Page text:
A military member, except under one circumstance, has the right to either accept NJP, or refuse NJP and demand trial by court-martial. The exception is for Navy and Coast Guard personnel assigned to a sea going command – they have no right to refuse NJP.
The decision to refuse NJP and demand trial by court-martial is one that must be well thought out, and preferably under the advice of an experienced military criminal defense attorney. If a misconduct allegation is resolved at NJP, the member will be subjected to punishment as authorized under Art. 15 of the UCMJ. A significant benefit of resolving a matter through NJP, if advisable to do so, is that a finding of Guilty at NJP is not a federal conviction and cannot result in a punitive discharge. However, if the individual did not in fact commit the misconduct as alleged, he must be prepared to be found guilty and be punished at the NJP – it is rare that the commanding officer will find the individual not guilty at NJP. If the individual is found guilty at NJP, there is also a strong likelihood, depending upon the subject offense(s), that the commander will order that the individual be thereafter processed for administrative separation, which could result in a discharge characterized as OTH (Other than Honorable).
By refusing NJP, and having the case referred to trial by court-martial, the service member takes the final disposition of the case out of the hands of the commander. Once charges are referred to either a Special or General Court-Martial, the disposition of the case is placed in the hands of a Military Judge, or court-martial members (jury). The accused will be protected at a court-martial by the procedural rights of due process of law and will have the benefit of the judge determining legal issues, such as what evidence is or is not admissible. If all goes well and the service member is acquitted of all charges, then he/she obviously made the right decision by refusing NJP and demanding trial by court-martial. However, the lawyer who provides legal advice as to the issue of accepting or refusing NJP, needs to ensure that the service member is fully aware that the military criminal justice system is far from being perfect – it is a fact that an individual who committed absolutely no misconduct can be convicted at a court-martial, be sentenced to confinement and be punitively discharged. That is a reality that is not unique to the military, we hear of false convictions happening frequently in the civilian criminal court system.
As a military defense attorney with many years of criminal law experience, I will always consider and address with my client another possible disposition if NJP is refused. On numerous occasions, I will advise my client to refuse NJP with the anticipation that the commander will be advised by his/her legal office that it would be prudent not to take the case to a court-martial, but to instead handle the case through administrative separation action. The basis of the advice of the legal office will likely be the fact that a court-martial will be a complicated process, take months to work its way through the process, as well as necessitating a significant expenditure of manpower and funding. It is rare that a court-martial can be completed in one day, and routinely takes several days to complete. If the case is handled at an administrative separation board, it will involve limited manpower, minimal if any funding, and be over in a day. For example – if I have a Navy Chief (E-7) who has popped on a urinalysis for cocaine, the command will routinely handle the case to NJP. If my client accepts NJP, he almost certainly will be found guilty, be punished and then be processed for administrative separation. Although my client can contest the subsequent administrative separation action, he would have already been found guilty at NJP, a fact that the board members would be made aware of. His/her board members will likely be from the same command, so the commander who found the Chief guilty at NJP is also the commander of the board members. I think you can see how that may be a tad bit difficult to negotiate – for the board members to find that the individual did not commit the offense of wrongful use of cocaine, they effectively are concluding that the commander, who is also their commander, made the wrong decision at NJP, and effectively undercutting the command’s urinalysis program. As you might expect, that may not work out too well.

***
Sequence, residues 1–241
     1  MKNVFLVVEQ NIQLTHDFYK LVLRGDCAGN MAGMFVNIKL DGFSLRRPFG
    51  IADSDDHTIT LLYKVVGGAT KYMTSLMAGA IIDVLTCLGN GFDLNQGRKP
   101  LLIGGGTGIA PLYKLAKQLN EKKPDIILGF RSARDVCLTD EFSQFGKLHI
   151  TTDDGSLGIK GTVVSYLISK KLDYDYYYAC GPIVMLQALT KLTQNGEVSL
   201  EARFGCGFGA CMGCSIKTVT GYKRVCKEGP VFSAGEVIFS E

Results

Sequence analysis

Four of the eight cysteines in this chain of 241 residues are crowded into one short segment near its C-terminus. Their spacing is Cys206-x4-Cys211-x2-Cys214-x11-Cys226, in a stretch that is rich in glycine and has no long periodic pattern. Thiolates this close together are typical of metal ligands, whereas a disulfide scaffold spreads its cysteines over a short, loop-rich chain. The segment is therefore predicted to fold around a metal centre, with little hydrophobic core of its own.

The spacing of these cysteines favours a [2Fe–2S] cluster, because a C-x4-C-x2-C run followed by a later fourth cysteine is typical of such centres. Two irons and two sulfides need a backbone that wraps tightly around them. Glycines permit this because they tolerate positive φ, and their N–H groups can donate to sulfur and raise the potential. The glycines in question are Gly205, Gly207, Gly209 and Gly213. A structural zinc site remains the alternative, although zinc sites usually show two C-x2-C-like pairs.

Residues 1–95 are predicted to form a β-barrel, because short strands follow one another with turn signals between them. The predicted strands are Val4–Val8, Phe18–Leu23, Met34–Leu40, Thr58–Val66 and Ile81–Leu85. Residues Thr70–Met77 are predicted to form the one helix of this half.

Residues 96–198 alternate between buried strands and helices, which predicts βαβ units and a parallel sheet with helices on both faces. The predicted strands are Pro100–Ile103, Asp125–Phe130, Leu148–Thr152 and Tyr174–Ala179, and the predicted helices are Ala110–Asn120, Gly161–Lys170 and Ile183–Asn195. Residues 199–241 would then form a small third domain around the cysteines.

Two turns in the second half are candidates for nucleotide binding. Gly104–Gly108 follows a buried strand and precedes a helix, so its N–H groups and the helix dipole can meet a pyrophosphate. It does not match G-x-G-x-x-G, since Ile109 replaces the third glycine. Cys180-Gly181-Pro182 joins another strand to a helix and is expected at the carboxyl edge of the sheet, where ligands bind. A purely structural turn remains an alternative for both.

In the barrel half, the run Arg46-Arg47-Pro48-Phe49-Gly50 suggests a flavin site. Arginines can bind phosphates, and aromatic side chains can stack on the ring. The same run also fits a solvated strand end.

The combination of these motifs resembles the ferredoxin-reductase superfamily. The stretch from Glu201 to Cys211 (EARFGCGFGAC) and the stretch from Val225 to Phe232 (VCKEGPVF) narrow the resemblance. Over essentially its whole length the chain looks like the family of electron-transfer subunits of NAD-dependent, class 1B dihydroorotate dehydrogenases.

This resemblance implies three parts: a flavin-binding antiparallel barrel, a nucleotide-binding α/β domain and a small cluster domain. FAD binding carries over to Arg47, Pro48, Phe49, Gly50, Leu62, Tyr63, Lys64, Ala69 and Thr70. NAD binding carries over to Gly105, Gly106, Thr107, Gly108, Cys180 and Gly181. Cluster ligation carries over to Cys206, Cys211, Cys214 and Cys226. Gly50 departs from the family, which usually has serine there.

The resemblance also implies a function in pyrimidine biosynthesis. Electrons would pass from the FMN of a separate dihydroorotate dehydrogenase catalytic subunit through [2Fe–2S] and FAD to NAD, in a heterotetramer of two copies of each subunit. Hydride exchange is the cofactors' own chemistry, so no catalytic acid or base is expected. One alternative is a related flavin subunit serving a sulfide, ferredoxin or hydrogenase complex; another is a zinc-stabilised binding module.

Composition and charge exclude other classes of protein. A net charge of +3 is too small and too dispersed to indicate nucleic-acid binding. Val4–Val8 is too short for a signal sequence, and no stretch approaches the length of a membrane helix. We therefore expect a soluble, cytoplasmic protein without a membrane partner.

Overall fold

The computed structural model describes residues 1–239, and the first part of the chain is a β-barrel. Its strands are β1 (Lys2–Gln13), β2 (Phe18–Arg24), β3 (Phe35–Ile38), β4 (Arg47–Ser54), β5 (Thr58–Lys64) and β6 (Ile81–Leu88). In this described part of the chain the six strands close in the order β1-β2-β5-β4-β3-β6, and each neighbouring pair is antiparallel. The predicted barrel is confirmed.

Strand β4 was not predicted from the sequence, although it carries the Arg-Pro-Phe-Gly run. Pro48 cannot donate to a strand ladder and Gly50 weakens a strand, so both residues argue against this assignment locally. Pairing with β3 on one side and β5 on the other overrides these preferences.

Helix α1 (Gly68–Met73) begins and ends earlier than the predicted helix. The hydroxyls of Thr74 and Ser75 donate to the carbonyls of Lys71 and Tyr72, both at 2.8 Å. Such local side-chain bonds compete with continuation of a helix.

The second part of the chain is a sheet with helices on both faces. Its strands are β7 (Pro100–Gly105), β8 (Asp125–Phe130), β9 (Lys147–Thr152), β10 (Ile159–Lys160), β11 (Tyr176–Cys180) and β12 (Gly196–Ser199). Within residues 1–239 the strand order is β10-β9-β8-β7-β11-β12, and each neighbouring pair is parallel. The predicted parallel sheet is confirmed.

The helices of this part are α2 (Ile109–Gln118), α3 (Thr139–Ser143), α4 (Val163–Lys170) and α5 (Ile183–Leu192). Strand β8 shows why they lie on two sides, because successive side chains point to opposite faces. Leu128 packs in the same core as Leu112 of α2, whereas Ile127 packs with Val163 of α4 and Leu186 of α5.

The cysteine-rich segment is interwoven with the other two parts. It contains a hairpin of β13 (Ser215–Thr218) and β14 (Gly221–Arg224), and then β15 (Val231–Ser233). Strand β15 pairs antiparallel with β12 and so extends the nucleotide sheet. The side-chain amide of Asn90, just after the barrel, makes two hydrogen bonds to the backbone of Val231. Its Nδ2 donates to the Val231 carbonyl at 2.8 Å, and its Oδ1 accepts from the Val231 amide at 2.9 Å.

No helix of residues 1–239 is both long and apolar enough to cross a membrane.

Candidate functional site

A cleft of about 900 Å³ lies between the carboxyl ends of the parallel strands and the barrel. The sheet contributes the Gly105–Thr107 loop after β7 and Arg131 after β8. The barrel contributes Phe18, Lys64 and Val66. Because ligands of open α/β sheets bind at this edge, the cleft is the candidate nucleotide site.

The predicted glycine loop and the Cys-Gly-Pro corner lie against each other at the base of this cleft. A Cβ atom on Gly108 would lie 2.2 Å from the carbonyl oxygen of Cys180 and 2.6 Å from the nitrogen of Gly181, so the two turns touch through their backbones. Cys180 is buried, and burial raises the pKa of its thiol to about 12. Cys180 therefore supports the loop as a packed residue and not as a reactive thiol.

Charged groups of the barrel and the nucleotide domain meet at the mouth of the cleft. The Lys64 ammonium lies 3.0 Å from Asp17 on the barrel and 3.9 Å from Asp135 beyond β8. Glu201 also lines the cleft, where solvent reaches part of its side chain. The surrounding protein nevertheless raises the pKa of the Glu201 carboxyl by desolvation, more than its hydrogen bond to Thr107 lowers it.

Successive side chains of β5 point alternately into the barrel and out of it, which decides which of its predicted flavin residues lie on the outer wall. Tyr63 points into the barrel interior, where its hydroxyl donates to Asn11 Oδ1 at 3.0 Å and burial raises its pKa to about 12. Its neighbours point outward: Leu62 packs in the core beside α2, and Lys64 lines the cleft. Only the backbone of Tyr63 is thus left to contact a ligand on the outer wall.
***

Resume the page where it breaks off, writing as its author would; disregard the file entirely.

However, if the command does as I anticipate by handling the case administratively rather than through a court-martial, my client walks into the board with no prior command decision of guilt and punishment. I can also stand before the board and assert that my client has protested his innocence since day one, and was willing to risk a court-martial conviction and the repercussion from the conviction to prove his innocence. The vast majority of administrative separation boards I have handled result in a finding of No Misconduct and my client is able to continue with his/her career.
As discussed, the decision to accept or refuse NJP, and demand trial by court-martial is one that requires the advice of a skilled defense attorney who has previously represented numerous clients in that situation.